[6] Over the oceans, the surface air temperature anomalies are in good agreement with SST anomalies (not shown). The annual mean SST anomalies in the meteorological year of 1998 exhibit an El Niño pattern. The El Niño event in 1997 persisted into spring 1998, and a La Niña event started in the summer of 1998. Concurrent with the 1997–1998 ENSO cycle there were also SST anomalies over other ocean basins, for example, the Indian Ocean and Atlantic Ocean. The SSTs in the tropical Atlantic and North Atlantic are above average in each season of 1998. In fact, in 1998, the annual mean of the Tropical North Atlantic (TNA) index, which is defined by the anomaly of the average of the SST from 5.5°N to 23.5°N and 15°W to 57.5°W [Enfield et al., 1999], is highest since 1948, and its anomaly is greater than 2 standard deviations. Were the SST anomalies over the Atlantic Ocean important? A specially designed experiment allows us to separate and assess the influence of Atlantic SSTs on the GMAT of 1998.

3. Model and Experimental Design

[7] The numerical model used in this study is the Met Office Hadley Centre atmospheric general circulation model known as HadAM3. The model use a 2.5° latitude by 3.75° longitude grid and 19 model levels. It includes the new land surface scheme developed by Cox et al. [1999]. This new land surface scheme includes a representation of the freezing and melting of soil moisture leading to better simulations of surface temperatures, and a new formulation of evaporation which includes the dependence of stomatal resistance to temperature, vapor pressure deficit and CO2. A detailed description of the model formulation and its performance is documented by Pope et al. [2000].

[8] Three experiments, where only SSTs and sea ice extent differ, have been performed. The control simulation was forced with climatological SSTs and sea ice extent, averages over the 30 years from 1961 to 1990 [Smith and Reynolds, 1998]. The “global” experiment was forced with global observed SSTs and sea ice extent, as described by Reynolds and Smith [1994]. The “without Atlantic” experiment was forced with observed SSTs and sea ice extent except in the Atlantic (latitude band 30°S–75°N) where the climatological SSTs and sea ice extent were used. The first step of this study is to determine if the model reproduces the main features of land surface air temperature anomalies when forced with the global observed SSTs. The second step is to investigate the role of just the Atlantic Ocean.

[9] In order to separate externally forced variability from internal variability, an ensemble of 10 integrations was performed for each experiment. These integrations were different only in their initial conditions, which were taken from the end of spin-up integrations. For the control integration, the spin-up was forced with climatological SSTs and sea ice extent, and lasted 1.5 years. Then the control experiment was run for 1 year beginning on 1 December. For the sensitivity experiments, the spin-up was forced with observed SSTs and sea ice extent from 1 June to 31 December, 1996. Then the sensitivity experiments were integrated from 1 January 1997 to 30 November 1998. The initial conditions for spin-up were taken from the model output of the Atmospheric Model Intercomparison Project (AMIP) simulations. Since the atmospheric response time is a few weeks, and since the land surface response time is a few months, the spin-up in this study is adequate. The response to SST anomalies was estimated as the difference between the ensemble means of a pair of experiments. The Student's t-test is used to determine if the ensemble means are significantly different between experiments.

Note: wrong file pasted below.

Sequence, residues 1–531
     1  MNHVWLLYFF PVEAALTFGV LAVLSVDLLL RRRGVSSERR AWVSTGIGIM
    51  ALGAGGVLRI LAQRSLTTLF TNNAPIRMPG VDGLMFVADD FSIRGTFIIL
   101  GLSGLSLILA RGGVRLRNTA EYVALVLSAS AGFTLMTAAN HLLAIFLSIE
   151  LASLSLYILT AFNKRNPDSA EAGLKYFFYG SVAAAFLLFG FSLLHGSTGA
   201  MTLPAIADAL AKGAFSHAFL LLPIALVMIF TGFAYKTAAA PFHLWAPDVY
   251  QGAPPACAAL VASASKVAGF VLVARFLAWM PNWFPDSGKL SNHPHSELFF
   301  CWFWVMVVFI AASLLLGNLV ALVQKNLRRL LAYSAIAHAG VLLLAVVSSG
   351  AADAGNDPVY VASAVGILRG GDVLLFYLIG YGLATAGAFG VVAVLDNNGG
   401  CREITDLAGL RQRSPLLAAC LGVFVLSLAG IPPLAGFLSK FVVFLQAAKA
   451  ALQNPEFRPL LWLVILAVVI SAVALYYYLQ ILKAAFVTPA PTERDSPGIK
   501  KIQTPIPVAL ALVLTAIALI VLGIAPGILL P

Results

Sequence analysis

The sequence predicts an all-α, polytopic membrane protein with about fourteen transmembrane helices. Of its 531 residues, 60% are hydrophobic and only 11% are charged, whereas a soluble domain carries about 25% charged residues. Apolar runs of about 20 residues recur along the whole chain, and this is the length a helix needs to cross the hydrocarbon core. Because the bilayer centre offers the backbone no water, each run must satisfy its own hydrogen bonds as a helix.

[10] The model and experimental design are identical to those given by Dong et al. [2000], who investigated the cause of winter climate anomalies in the North Atlantic sector during the 1997–1999 ENSO cycle. In addition, this model was found capable of producing the observed collapse of the Walker circulation and the east/west cloud structure changes during the 1997/98 El Niño [Lu et al., 2004].

[11] In the present study, the role of the Atlantic SSTs is implied by the difference between the global experiment and the “without Atlantic” experiment. The way in which we assess the Atlantic influence takes into account not only the direct effect of the Atlantic SSTs but also any nonlinear interactions with the effects of Indian/Pacific SSTs. An alternative way to assess the influence of Atlantic SST anomalies would be to perform an experiment in which SST anomalies were restricted to the Atlantic basin. We cannot assume that the response to global SST anomalies will be a linear sum of the response to Indian/Pacific SST anomalies and the response to Atlantic SST anomalies, because nonlinear interactions are very likely. The method used in this study is likely superior in assessing the Atlantic influence since the SST anomalies in the Atlantic Ocean are connected with those in the Pacific [Enfield and Mayer, 1997; Klein et al., 1999; Elliott et al., 2001].

4. Simulated Results

[12] The model forced with the global SSTs captures the pattern of annual surface air temperature anomalies (Figure 2a; see also Table 1) with a pattern correlation of 0.41 with observed anomalies over land globally between 60°S and 70°N. The model simulates the positive surface air temperature anomalies of 0.5°–1.0°C over the southern Eurasian continent, central and southern Africa, and northern parts of North and South America, 1.0°–2.0°C over Australia, and cold anomalies of 1.0°–2.0°C over the northern Eurasian continent.

Figure 2.

Simulated surface air temperature anomalies in the 1998 meteorological year. (a) Forced with the global SSTs. (b) Implied by the Atlantic SSTs. The setting of contour lines and shadings is the same as Figure 1.